Book Review: If You Like Quentin Tarantino… by Katherine Rife

Written by Michael Nazarewycz

After opening to great reviews on Christmas Day (and presently flaunting an 80 on Metacritic after 39 critics’ reviews), and fueled by controversy created by Spike Lee, Quentin Tarantino’s Django Unchained grossed $77.8MM through New Year’s Day, putting it third on the director’s list of all-time box office receipts. The fact that the film is having this kind of success, even though it is Tarantino’s first movie in over three years, is proof that the director – and his style of filmmaking – is as popular as ever.

So to feed the hunger of those who can’t get enough QT (he’s only made eight full length films in his career, after all) comes If You Like Quentin Tarantino …, a book by Katherine Rife.

The book is broken out into eight chapters (one for each film in QT’s canon):

Reservoir Dogs: Gun Crazy

Pulp Fiction: Out of the Past

Jackie Brown: Big Bad Mama

Kill Bill: Volume 1: The Blood-Splattered Bride

Kill Bill: Volume 2: The Whole Bloody Affair

Death Proof: She-Devils on Wheels

Inglorious Basterds: From Hell to Victory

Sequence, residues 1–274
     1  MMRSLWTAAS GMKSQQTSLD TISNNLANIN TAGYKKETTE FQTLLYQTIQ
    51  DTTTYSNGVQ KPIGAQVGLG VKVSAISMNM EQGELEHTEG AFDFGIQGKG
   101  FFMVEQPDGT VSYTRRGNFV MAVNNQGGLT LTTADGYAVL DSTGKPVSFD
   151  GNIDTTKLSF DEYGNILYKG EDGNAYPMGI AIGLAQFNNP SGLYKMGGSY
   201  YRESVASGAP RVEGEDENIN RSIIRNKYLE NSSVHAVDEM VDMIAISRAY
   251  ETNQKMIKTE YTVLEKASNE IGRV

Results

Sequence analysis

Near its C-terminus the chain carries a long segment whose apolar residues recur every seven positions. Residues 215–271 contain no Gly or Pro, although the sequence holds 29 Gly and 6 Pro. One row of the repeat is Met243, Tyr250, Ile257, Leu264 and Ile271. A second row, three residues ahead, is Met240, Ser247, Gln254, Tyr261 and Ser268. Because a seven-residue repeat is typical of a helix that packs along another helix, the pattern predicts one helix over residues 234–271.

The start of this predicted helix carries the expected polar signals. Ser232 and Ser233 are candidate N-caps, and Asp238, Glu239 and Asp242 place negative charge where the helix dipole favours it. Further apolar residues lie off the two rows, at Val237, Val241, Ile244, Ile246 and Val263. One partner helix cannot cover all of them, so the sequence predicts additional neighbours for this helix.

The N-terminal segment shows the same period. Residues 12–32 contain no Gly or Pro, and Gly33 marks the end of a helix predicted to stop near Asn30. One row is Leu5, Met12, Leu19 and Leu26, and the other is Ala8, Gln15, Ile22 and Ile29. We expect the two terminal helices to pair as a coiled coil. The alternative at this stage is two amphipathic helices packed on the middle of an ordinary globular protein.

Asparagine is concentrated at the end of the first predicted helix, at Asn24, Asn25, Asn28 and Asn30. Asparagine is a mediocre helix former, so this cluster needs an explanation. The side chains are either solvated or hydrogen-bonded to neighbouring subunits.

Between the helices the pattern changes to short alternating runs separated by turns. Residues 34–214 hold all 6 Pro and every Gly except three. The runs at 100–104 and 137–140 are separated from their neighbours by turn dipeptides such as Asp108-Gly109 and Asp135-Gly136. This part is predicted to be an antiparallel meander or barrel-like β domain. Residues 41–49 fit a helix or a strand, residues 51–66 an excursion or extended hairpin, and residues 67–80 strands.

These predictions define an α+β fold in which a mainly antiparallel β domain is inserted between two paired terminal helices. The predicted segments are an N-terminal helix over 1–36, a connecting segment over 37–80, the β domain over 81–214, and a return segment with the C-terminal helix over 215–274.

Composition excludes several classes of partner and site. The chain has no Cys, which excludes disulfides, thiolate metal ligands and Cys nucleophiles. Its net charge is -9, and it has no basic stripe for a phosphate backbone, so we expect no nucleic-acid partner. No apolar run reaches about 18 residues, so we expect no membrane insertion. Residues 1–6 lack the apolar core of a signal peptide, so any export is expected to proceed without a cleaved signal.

Django Unchained: God Forgives … I Don’t

In each chapter, Rife highlights and reviews films similar to each of Tarantino’s films, from a wide variety of eras and genres.

But the book’s biggest strength might also be its biggest weakness. While Rife makes an interesting case for Billy Wilder’s Double Indemnity (1944) to be considered the Pulp Fiction of its time, many of the films she connects to QT’s work are obvious choices.

For Django Unchained, she suggests the Sergio Leone/Clint Eastwood Dollars trilogy. For Jackie Brown, she cites a long list of traditional Blaxploitation films. For Death Proof, it’s Russ Meyer’s Faster, Pussycat! Kill! Kill! And so on.

But I mentioned that this weakness is also the book’s greatest strength. While hard-core film fanatics are aware of many, if not most of, Rife’s choices, there are new generations of film fans who are getting their first exposure to Tarantino via Django Unchained. And while a quick trip to IMDb might offer that new QT fan a quick reference of his work, finding a formidable list of related films might be trickier to compile, even on the Internet. Rife’s book is an excellent reference for those new fans who can’t get enough of Quentin Tarantino.

Full disclosure: I received a copy of If You Like Quentin Tarantino … directly from the book’s publisher, Limelight Editions, an imprint of Hal Leonard.

Cinema Sentries

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